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Hyperkalemic Periodic Paralysis (HYPP)

Hyperkalemic Periodic Paralysis (HYPP)

HYPP hyperkalemic periodic paralysis is pretty rare genetic disease seen in Quarter Horses and other breeds that have Quarter horse foundation stock leading back to the stallion Impressive.  It is a genetic disease, therefore the only way to prevent the paralysis associated with the disease is through management and nutrition.

Nutritionally, HYPP can be managed by decreasing the amount of Potassium in the diet.  Potassium is a macro mineral and found in most common feed stuffs, so it cannot be completely eliminated, nor should it be.  But is should be limited as much as possible.  Feeds with high potassium levels include molasses, alfalfa hay, T&A hay, and Clover.  Low potassium hays tend to be grasses like Bermuda, Bahia and the like.  It is very important to note, that high quality forages are immature forages and tend to have much higher potassium levels than mature lower quality forages.  Hays that have bloomed or headed out, have lower potassium content as the potassium tends to migrate back down the stalk of the plant.  http://www.uwex.edu/ces/forage/pubs/lowK.htm

I recommend you test all forages, especially higher quality forages for their Potassium content.  This can be done at most feed labs by wet chemistry (don’t use NIR as it is less reliable) and select what is called the DCAD test.  Refer to the following link to Dairyland labs https://www.dairylandlabs.net/index.php and go to their sample submittal page.  It is important to probe the hay, in other words use a bore that you should be able to borrow from your feed supplier.  Hand grab samples are much less accurate, but if necessary, take at least a gallon bag full.  With a probed sample, a quart is adequate.  Most hay will contain about 2% potassium, higher potassium hay will be in excess of 2.5%, just use these numbers as a guideline.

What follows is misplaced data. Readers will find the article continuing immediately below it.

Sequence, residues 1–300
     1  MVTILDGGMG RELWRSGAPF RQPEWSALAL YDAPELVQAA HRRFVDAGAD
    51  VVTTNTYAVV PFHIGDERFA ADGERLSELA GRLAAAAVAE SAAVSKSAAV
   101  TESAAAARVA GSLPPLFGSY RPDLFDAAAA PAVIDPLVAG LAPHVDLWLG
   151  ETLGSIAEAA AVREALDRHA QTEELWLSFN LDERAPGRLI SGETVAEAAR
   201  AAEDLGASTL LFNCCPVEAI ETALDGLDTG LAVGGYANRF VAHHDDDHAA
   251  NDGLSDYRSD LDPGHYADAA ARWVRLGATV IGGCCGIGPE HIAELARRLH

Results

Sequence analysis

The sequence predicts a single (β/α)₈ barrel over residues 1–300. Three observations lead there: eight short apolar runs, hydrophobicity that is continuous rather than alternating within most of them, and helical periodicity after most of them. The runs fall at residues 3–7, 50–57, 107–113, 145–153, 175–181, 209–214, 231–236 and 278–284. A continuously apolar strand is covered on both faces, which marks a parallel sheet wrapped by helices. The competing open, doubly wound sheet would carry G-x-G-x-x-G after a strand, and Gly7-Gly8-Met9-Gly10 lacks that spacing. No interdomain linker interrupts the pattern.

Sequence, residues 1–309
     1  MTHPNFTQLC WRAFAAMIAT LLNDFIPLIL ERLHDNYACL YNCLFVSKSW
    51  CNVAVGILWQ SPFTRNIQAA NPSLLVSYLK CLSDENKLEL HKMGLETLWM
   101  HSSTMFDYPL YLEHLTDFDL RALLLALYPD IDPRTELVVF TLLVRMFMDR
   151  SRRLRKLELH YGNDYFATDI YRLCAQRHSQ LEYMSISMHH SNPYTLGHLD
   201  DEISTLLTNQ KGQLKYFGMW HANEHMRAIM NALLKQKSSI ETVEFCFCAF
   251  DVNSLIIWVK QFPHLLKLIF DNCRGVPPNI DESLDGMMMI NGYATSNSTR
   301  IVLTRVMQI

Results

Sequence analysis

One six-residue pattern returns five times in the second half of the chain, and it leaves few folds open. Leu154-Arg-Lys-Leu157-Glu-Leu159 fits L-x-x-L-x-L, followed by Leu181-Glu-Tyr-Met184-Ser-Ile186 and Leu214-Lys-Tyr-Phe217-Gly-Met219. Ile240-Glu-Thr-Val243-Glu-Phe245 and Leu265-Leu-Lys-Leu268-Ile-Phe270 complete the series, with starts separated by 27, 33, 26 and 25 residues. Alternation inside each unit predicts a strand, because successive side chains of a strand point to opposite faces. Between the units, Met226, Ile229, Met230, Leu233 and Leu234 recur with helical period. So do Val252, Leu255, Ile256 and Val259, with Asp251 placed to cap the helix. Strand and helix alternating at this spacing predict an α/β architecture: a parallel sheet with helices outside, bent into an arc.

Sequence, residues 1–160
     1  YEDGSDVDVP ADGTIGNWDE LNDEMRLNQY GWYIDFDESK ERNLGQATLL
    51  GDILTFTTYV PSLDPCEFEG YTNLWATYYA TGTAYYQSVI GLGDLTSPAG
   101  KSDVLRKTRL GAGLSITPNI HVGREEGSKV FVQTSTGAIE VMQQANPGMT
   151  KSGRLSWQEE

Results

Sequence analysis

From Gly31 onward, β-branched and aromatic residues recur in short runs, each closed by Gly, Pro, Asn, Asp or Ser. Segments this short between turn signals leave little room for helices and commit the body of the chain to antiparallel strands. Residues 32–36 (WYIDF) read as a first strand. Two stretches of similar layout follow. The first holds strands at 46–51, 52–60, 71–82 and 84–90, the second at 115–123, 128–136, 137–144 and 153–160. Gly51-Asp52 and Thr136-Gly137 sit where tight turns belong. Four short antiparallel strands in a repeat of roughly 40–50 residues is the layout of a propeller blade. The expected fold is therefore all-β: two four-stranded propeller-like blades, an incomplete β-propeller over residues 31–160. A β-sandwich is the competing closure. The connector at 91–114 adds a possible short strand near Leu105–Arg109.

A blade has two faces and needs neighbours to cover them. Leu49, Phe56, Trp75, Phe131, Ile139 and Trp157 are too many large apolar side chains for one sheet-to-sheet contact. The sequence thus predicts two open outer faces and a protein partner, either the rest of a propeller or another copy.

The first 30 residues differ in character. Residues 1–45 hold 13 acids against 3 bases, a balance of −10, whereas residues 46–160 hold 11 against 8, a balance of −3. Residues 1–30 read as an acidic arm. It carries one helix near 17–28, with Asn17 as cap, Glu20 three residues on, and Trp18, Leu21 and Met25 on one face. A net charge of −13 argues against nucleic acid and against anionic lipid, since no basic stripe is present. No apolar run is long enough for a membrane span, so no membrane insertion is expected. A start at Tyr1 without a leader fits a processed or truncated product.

With the reduction of high quality forages available for horses with HYPP, it may be more difficult to maintain body weight, especially since HYPP inflicted horses tend to be larger animals.  Most complete feeds contain molasses, high in potassium.  Horses with HYPP need to be on at least a 3 way grain (Barley, Oats, Corn) and a vitamin mineral supplement.  Harmonize contains enzymes, probiotics and prebiotics that will prevent the horse from getting ulcers and colic associated with feeding these types of grains.  These digestive aid ingredients also have been seen to improve feed digestibility, so poorer quality feeds will yield more nutrients with the addition of Harmonize to the diet.

Harmonize also contains all of the vitamins and trace minerals your horse needs.  If you are not feeding a complete feed in addition to Harmonize, we recommend you feed 3 scoops a day of Harmonize instead of 2 scoops, to maximize protection.

If your HYPP horse is on pasture, it is important that you pay attention to what fertilizers you are using and most fertilizers contain potassium (K) as potash.  The lable on a fertilizer bag has N P K listed as a ratio (nitrogen, phosphorous and potassium), for example 30:15:10 would have 30 parts N, 15 parts P and 10 parts K.  Additional K on your pasture may exacerbate the problem with your horse.

For more information about HYPP see http://www.tufts.edu/vet/sports/hypp.html#7

 

 

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3 Comments
  1. Just reading about the immune system, oxidative stress and selenium status in our horses. Low selenium status from most of our pastures/forages can settle in slowly over time. This has a direct correlation with the strength of the immune system and can also result in slower recovery times from even mild exercise. Another great reason to support faster recovery times and overall stronger immune system health with Harmonize. Full update available in Equine Disease Quarterly published by Maxwell Gluck Equine Research Center in Lexington KY. October 2013 Volume 22, No. 4.

  2. Thank you for your valuable input.

    Scott

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